Tuesday, August 12, 2008

STARTING {the Homeschool Journey with Kindergarten}

Recently, my friend Serena e-mailed me with a question about getting started with Kindergarten.

The following post represents (in detail) the few things we normally cover in Kindergarten. This is not a schedule. I am still planning to talk about schedules soon.

I have expanded on my return e-mail to include photos and links. I don't want the length to be intimidating, but I added detail in hopes of dispelling some of the homeschool mystery and to give you a place to begin.

So, no getting overwhelmed, okay?

I want you to remember two things. And if this is all you remember from this post, I will be happy.

I want you to remember A LIE and THE TRUTH:

#1 A LIE. Remember not to fall for the lie. You know the one. We've all heard it whispered into our ear. "So and so" is doing it "perfectly." They have the perfect house, kids, spouse, church, homeschool schedule... something. You might even start to think sending your babes to a "perfect" government or private school would be better (I know it sounds funny now...) But there is no perfect this side of heaven. We know that if we think about it. God has called us to a wonderfully noble task. A chance to pour ourselves and our love for Christ into our dear children. Do not get derailed by the lie of an enemy and do not hand the task over to someone else.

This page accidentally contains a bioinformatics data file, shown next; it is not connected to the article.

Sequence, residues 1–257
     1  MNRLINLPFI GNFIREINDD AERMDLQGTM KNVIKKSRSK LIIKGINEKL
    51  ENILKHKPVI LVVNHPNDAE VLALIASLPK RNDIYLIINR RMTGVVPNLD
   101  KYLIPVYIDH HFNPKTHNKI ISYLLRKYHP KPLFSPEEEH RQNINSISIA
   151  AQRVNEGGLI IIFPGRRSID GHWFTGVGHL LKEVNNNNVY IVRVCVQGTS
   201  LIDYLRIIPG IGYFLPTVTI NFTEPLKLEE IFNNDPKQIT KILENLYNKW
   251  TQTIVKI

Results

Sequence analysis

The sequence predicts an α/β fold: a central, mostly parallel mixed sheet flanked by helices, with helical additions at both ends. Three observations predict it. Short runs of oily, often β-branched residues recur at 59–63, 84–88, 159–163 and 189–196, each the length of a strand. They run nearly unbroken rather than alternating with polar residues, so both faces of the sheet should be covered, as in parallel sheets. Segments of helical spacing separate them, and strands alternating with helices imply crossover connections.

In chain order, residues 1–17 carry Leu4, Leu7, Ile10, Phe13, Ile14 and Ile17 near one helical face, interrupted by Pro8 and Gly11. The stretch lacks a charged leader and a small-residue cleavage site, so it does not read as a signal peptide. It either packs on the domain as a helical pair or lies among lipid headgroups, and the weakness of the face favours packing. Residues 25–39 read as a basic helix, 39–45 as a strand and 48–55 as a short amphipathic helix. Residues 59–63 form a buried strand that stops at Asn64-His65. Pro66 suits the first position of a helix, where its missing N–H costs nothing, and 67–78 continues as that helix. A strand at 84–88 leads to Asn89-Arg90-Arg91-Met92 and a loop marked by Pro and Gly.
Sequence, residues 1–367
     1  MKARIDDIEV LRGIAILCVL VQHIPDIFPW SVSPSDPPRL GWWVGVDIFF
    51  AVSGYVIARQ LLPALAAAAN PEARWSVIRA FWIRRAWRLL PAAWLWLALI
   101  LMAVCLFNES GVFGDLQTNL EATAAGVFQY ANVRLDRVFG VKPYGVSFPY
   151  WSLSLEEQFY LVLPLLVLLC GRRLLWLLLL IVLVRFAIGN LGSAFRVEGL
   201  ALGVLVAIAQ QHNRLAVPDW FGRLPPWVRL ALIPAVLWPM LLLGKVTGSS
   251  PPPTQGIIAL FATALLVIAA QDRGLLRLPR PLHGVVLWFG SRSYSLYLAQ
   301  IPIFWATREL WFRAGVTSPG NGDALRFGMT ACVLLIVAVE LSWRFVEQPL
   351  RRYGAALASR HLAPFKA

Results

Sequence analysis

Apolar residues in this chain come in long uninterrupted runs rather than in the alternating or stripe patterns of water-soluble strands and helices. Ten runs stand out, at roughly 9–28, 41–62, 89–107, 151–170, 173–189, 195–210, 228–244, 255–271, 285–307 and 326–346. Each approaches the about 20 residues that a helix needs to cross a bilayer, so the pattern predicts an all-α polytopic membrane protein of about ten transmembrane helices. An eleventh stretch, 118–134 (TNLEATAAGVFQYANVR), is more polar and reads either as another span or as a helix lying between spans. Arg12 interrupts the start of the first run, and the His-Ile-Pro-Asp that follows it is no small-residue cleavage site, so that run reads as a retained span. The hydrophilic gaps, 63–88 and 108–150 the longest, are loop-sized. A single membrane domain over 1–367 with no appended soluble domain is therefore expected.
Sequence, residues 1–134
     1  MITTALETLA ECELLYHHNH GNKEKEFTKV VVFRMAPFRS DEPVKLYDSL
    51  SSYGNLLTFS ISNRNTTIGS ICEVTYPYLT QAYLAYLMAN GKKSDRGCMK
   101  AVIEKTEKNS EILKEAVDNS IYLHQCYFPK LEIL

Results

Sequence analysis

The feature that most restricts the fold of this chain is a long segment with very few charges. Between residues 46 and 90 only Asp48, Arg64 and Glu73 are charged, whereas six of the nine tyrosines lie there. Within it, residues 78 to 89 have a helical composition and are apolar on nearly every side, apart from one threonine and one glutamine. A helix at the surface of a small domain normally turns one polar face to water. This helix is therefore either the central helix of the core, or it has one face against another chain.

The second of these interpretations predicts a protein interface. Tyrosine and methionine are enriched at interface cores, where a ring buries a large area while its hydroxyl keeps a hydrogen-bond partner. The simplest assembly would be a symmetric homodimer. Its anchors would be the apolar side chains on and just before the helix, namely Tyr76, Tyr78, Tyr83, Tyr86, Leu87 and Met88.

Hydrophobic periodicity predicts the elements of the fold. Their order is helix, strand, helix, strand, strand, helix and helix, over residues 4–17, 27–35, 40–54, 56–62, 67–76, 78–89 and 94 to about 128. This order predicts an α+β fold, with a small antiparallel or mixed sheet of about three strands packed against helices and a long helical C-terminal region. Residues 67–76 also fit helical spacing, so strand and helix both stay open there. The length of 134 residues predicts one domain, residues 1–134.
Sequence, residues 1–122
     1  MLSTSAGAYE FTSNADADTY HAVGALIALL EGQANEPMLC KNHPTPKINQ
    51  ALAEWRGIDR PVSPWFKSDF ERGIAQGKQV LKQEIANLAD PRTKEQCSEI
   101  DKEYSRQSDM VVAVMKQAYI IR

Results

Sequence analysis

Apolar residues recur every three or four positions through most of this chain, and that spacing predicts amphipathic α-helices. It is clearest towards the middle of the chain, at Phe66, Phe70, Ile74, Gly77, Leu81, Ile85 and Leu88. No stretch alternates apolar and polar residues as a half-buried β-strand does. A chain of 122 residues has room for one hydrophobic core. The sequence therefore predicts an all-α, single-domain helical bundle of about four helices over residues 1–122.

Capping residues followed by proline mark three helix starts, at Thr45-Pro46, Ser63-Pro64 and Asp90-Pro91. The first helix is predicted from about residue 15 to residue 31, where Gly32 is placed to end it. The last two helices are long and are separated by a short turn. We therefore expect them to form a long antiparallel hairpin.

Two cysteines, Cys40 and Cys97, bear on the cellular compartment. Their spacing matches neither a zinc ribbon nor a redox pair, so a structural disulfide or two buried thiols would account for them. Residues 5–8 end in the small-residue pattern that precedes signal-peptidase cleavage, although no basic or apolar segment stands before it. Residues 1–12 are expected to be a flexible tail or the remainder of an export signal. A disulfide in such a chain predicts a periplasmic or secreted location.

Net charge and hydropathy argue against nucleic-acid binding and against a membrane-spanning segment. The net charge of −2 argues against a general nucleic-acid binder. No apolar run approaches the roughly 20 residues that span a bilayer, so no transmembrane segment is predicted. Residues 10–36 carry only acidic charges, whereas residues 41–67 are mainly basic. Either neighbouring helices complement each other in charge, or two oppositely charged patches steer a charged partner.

#2 THE TRUTH. You will never go it alone:

"Now to Him who is able to do exceedingly abundantly above all that we ask or think, according to the power that works in us, to Him be glory in the church by Christ Jesus to all generations, forever and ever. Amen." Ephesians 3:20-21

He will be at work in us. It is for His glory. Amen?

With that, here is the question:

“Hi Rebecca!

I am working on getting my plans made to start homeschooling this year, and was wondering if you had any tips or advice for a first time homeschooler. My son will be starting kindergarten and with all of the options out there, it's a little overwhelming!

...the more I research, the more lost I feel!” = )

Hi Serena,